By Topic

“Effective NIEL” in Silicon: Calculation Using Molecular Dynamics Simulation Results

Sign In

Cookies must be enabled to login.After enabling cookies , please use refresh or reload or ctrl+f5 on the browser for the login options.

Formats Non-Member Member
$31 $13
Learn how you can qualify for the best price for this item!
Become an IEEE Member or Subscribe to
IEEE Xplore for exclusive pricing!
close button

puzzle piece

IEEE membership options for an individual and IEEE Xplore subscriptions for an organization offer the most affordable access to essential journal articles, conference papers, standards, eBooks, and eLearning courses.

Learn more about:

IEEE membership

IEEE Xplore subscriptions

4 Author(s)
Inguimbert, C. ; ONERA-DESP, Toulouse, France ; Arnolda, P. ; Nuns, T. ; Rolland, G.

The non-ionizing energy loss (NIEL), often used to scale the damage coefficients of irradiated electronic components, sometimes fails to make good degradation predictions. The classical non-ionizing energy loss calculation, performed under binary cascade approximation, lacks accuracy at low incident energy for some light particles such as electrons. The amount of displacement damage predicted by molecular dynamics simulations where many-body interactions are naturally included can be significantly different from the classical binary collision calculation. The creation of damage predicted by molecular dynamics technique, within the low energy deposition regime, can be quite different from what can be classically simulated. For instance, earlier studies demonstrated that, under suitable conditions, low energy transfer below the atomic displacement threshold can increase damage production. In the case of silicon material, molecular dynamics simulation results have been incorporated within the definition of a new energy partition function. In comparison with the classical Kinchin Pease approach, our improved model more accurately estimates the number of displacements generated by a primary knock-on atom. This new energy partition function is used to calculate corrected non- ionizing energy loss.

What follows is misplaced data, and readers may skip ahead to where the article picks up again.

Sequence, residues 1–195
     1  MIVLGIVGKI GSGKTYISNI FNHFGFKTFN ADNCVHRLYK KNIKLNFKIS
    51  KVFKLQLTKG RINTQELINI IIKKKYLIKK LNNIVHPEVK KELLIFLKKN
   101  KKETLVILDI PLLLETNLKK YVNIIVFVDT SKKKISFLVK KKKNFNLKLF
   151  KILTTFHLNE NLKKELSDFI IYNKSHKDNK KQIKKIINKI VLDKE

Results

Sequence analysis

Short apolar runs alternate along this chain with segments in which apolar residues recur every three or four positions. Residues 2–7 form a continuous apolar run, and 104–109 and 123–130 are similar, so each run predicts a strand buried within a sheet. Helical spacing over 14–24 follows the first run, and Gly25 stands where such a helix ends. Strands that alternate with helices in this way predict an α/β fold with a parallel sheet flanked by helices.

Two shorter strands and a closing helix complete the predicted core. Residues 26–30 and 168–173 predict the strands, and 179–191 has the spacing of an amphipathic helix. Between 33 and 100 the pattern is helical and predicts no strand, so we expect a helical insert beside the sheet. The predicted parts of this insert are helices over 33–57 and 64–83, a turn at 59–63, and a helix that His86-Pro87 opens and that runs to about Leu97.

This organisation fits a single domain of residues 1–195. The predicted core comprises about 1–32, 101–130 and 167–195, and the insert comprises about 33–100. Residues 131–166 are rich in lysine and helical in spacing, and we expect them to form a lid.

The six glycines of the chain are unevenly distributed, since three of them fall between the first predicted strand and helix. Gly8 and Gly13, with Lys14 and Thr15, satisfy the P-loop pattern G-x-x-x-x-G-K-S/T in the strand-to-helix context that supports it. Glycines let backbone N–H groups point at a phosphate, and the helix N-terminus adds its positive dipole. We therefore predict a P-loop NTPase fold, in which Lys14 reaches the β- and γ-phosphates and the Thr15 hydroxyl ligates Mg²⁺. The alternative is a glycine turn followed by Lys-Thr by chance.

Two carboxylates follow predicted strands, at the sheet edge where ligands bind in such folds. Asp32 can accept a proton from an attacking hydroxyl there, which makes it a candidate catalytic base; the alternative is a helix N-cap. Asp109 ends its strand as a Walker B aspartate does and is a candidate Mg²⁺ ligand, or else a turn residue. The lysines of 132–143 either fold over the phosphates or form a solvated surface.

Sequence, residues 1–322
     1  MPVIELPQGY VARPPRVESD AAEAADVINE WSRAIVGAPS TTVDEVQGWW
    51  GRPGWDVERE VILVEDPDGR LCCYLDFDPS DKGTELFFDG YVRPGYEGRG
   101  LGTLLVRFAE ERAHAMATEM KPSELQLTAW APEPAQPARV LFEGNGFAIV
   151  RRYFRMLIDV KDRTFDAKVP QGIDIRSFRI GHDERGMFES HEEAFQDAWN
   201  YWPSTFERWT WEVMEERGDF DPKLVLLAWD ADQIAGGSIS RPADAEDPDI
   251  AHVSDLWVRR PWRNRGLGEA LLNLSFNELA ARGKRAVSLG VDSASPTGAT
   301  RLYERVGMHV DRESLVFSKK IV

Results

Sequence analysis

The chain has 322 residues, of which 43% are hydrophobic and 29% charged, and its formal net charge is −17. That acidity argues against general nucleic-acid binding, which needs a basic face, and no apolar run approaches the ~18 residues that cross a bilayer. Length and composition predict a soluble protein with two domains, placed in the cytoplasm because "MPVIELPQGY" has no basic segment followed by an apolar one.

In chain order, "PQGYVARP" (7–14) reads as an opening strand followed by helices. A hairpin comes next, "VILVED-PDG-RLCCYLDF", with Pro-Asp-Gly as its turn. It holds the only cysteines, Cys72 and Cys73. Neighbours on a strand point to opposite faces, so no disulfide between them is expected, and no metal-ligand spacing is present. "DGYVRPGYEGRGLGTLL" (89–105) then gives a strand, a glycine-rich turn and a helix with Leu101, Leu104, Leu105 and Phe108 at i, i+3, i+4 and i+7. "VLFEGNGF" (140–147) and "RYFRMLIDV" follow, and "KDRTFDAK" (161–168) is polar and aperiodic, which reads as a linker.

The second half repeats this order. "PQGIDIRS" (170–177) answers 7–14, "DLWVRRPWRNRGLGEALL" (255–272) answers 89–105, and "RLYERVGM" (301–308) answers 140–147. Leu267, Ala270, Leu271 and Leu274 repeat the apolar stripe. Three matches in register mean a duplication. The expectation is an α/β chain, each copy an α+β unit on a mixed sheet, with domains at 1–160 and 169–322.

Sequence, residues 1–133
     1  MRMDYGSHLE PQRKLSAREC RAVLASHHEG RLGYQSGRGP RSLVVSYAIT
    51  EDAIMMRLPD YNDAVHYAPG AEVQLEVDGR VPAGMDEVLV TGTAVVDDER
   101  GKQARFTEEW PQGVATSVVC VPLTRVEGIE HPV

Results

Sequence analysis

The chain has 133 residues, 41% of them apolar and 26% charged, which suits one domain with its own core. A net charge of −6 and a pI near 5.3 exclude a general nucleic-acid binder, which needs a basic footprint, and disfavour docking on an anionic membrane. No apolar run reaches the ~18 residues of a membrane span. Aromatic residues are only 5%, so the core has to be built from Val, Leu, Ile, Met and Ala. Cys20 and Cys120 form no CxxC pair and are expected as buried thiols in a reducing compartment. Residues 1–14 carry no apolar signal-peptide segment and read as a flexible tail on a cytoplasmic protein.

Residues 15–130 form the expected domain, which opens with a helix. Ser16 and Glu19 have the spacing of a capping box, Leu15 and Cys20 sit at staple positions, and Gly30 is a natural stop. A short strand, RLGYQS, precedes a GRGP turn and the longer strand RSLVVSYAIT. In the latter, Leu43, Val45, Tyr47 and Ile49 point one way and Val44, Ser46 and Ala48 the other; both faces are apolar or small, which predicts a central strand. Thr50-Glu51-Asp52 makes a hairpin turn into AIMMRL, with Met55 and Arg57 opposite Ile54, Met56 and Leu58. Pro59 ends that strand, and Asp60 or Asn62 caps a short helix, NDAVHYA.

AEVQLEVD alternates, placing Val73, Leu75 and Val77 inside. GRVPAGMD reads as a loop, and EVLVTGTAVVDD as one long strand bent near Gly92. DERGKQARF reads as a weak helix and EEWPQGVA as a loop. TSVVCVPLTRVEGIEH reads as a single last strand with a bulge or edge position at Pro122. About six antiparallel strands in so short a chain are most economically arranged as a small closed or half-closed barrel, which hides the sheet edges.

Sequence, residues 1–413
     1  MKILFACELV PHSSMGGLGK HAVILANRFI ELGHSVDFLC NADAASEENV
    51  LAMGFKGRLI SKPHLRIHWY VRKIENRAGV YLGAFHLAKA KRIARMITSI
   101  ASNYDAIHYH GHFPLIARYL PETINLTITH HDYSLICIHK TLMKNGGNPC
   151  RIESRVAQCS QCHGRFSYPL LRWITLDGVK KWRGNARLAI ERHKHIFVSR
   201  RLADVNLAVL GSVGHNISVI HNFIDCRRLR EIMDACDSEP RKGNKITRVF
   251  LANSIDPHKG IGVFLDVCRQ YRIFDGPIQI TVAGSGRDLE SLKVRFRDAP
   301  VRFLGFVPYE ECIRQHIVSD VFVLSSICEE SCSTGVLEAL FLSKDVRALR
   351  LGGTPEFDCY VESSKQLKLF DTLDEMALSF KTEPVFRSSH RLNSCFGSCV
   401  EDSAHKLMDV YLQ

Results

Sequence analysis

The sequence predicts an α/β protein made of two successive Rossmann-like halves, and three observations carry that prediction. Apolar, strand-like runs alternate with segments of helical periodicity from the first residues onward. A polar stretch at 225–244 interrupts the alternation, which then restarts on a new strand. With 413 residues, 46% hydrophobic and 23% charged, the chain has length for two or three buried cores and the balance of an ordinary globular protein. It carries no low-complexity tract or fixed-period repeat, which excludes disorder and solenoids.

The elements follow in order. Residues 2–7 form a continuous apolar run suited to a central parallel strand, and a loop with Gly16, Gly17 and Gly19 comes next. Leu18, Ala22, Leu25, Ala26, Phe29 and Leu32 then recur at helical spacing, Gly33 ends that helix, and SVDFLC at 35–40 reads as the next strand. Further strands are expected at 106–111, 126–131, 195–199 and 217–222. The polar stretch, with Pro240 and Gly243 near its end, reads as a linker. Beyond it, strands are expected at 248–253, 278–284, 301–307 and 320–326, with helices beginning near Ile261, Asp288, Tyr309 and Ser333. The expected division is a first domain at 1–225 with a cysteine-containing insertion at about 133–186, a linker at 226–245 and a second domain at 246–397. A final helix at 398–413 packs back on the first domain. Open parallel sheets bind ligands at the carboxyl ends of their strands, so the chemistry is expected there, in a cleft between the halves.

Published in:

Nuclear Science, IEEE Transactions on  (Volume:57 ,  Issue: 4 )